I lost all my Spanish speaking dendrites when I was a baby, and painfully replaced them in high school, with the help of the protein designed to do just that, BDNF. Then they fell into disrepair again for several years, until my spouse and I visited her high school foster family in Ciudad Obregon, Mexico. Sra. Ramirez was teaching me some card game. Only the rules seemed to change every turn. I needed to repair those Spanish-speaking channels fast!  BDNF works, but not that fast. That little old lady robbed me blind.

Stress Makes Things Happen

So we have our stars, Neuron and BDNF. Now we need some plot. Otherwise known as Stress.

Poor stigmatized and misunderstood stress. How about for now, we rename it stimulation. Here is what I mean.

Shiny new bicycle. The five-year-old begs, Oh, please, please, please take the training wheels off! It took a lot of begging. It was made clear to me that once the wheels came off, they were not going back on.

Meanwhile, in the previous five years, the dendrite/axon connections in charge of balance were developing, as I learned to walk and even skip -- no mean feat! But this was a new wrinkle on the task. One step up onto those pedals, the other foot lifts off the ground. Houston, we have lift-off. And suddenly -- STIMULATION!!

The inner ear is going crazy, sending out urgent messages to the basal ganglia which is supposed to remember this stuff, like skipping.  And falling. Remember falling?! That sets amygdala, hypothalamus and pituitary into action. Remember panic?!  Now the hippocampus gets the SOS. This is a job for BDNF!

So inside hippocampus cells, the endoplasmic reticulum goes into BDNF production, and the dense-core vesicles start pumping the stuff out. Time for some dendrite growth and support!


What happens next is an interplay between the existing brain and its wider environment.

Nature: A normal hippocampus (here in red) looks like a sea horse or a curled up green bean, 1 1/2-2 3/4 inches long if stretched out. Depending on the genetic role of the dice and/or the stress experienced by the pregnant mother, and hence by the fetus who is along for the ride, some brains have smaller hippocampi right from birth, along with a diminished capacity to produce BDNF.

That is not necessarily a problem. Little people can do big things, same with little hippocampi. It depends on whether the demands for BDNF are matched by the capacity of the hippocampus to produce it.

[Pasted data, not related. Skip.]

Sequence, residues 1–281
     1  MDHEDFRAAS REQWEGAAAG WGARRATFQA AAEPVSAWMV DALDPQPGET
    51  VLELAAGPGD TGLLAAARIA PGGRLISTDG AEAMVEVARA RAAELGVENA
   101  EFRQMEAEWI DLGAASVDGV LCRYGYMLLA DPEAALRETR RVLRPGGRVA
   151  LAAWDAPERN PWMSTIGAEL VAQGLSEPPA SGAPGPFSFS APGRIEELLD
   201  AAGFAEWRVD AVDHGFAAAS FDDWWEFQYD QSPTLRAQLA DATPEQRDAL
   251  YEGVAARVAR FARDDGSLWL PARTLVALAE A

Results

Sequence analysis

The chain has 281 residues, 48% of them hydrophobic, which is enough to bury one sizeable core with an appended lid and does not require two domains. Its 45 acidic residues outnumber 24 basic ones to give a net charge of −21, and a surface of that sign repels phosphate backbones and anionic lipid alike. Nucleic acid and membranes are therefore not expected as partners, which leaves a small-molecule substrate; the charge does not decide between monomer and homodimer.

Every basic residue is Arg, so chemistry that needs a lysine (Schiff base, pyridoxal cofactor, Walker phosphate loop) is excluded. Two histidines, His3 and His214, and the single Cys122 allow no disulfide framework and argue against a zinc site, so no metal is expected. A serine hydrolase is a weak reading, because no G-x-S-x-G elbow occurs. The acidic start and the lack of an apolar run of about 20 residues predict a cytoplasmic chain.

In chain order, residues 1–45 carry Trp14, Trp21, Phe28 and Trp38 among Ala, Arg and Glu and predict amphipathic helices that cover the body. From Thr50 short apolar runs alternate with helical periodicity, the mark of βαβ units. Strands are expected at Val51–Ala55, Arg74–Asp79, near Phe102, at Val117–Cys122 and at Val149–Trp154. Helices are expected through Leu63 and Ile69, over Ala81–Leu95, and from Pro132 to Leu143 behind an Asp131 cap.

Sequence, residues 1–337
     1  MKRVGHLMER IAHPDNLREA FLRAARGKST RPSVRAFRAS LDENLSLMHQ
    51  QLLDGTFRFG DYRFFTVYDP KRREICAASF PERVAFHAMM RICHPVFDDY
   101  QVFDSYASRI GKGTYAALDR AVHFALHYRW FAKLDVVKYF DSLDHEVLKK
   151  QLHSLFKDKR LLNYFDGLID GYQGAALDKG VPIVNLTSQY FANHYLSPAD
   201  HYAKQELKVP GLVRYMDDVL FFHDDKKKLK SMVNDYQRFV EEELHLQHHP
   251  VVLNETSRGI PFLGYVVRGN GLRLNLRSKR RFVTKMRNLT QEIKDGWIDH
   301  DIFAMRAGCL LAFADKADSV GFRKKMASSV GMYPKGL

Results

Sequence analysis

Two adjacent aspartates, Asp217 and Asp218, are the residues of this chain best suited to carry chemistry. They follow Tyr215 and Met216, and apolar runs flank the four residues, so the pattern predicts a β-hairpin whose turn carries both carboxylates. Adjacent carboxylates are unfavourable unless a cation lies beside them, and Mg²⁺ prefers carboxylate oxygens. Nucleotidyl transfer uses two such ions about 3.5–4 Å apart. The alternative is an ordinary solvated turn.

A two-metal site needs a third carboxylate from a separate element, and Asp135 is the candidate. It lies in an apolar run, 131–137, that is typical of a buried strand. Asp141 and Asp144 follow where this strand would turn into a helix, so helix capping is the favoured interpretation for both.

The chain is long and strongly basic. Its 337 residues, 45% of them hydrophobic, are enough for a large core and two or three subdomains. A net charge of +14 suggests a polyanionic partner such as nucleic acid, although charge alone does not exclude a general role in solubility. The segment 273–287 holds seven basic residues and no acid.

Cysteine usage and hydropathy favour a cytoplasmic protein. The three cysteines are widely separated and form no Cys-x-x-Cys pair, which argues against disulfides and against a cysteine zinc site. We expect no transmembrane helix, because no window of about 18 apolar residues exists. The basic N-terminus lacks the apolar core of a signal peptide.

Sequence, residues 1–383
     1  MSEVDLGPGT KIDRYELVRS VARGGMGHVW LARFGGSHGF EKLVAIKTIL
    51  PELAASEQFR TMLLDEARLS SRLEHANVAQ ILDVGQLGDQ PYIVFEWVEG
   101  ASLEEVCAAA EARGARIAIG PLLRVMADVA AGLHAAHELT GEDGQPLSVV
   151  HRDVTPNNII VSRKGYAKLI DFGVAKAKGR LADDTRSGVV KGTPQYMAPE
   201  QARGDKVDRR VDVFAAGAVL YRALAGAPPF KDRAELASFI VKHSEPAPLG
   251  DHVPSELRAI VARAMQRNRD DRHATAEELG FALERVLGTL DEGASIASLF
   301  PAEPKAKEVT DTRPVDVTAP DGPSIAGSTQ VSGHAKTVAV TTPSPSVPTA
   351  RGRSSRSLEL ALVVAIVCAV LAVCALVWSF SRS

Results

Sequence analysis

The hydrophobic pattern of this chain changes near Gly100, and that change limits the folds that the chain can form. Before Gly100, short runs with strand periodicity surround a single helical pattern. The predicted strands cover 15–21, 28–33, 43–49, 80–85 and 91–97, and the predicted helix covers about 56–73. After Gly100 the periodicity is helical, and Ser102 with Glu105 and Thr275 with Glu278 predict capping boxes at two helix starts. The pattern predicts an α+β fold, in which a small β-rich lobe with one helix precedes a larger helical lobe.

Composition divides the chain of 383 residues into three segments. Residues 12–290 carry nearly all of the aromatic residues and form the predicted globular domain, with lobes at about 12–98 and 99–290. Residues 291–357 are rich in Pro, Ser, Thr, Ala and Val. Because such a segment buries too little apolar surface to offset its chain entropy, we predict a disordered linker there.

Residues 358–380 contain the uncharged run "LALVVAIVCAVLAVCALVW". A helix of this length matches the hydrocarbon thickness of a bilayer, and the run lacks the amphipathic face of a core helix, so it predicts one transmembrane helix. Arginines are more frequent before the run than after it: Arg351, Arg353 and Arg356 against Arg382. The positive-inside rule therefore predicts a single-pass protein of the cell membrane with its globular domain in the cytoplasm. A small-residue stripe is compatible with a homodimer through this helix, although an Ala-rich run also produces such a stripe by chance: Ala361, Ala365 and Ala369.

Nurture: There is this perception out in parentland that shouting helps children to learn. Actually, sometimes it does. When the task is simple and the learner lacks motivation, like, how to take the dishes from in front of the television set and place them in the kitchen sink, an occasionally-used loud voice can be just the trick to stimulate the neurotransmitters needed for memory consolidation. Downside -- this method loses effectiveness with frequent use.

Riding a bicycle, however, is not a simple task. There is a lot of communication already going on inside the brain of the person who is trying with all her might not to hit the pavement. That BDNF is pumping out just as fast as it can.  In this case, shouting adds more cortisol load to the hippocampus than is helpful. It overwhelms the learning process and turns it into a survival process.

When stimulation crosses over to stress and from stress to terror, the brain has to get more efficient. Learning is a luxury. The over-stressed person falls back into what is familiar.

Like falling. 

Well, into every child's life, an occasional full adult meltdownage will fall. Nobody will learn to ride a bike today. But the brain is built with its own repair system. BDNF will clean up the mess, and we will go back to bike-riding another day.


Then there are those parents who think that nature is bad and that hitting is part of nurture. Hitting is even less helpful than shouting for learning complex skills. Hitting really overstimulates the brain.

Especially random hitting. Unpredictable and random shouting and hitting disrupt the feedback circuits in the HPA (hypothalamus/pituitary/adrenal) axis. Over time the HPA axis loses its ability to shut down when not needed. Because it has learned that it never knows when it will be needed. So it just pumps out that cortisol 24/7. The hippocampus keeps getting the message and pumping out that BDNF, until it is depleted. Learning stops. The dendrites in the hippocampus itself atrophy and die. Literally, the hippocampus shrivels.

Then that already-from-birth-little hippocampus gets smaller still, with even less capacity to produce BDNF to repair the damage. Or learn to ride a bike.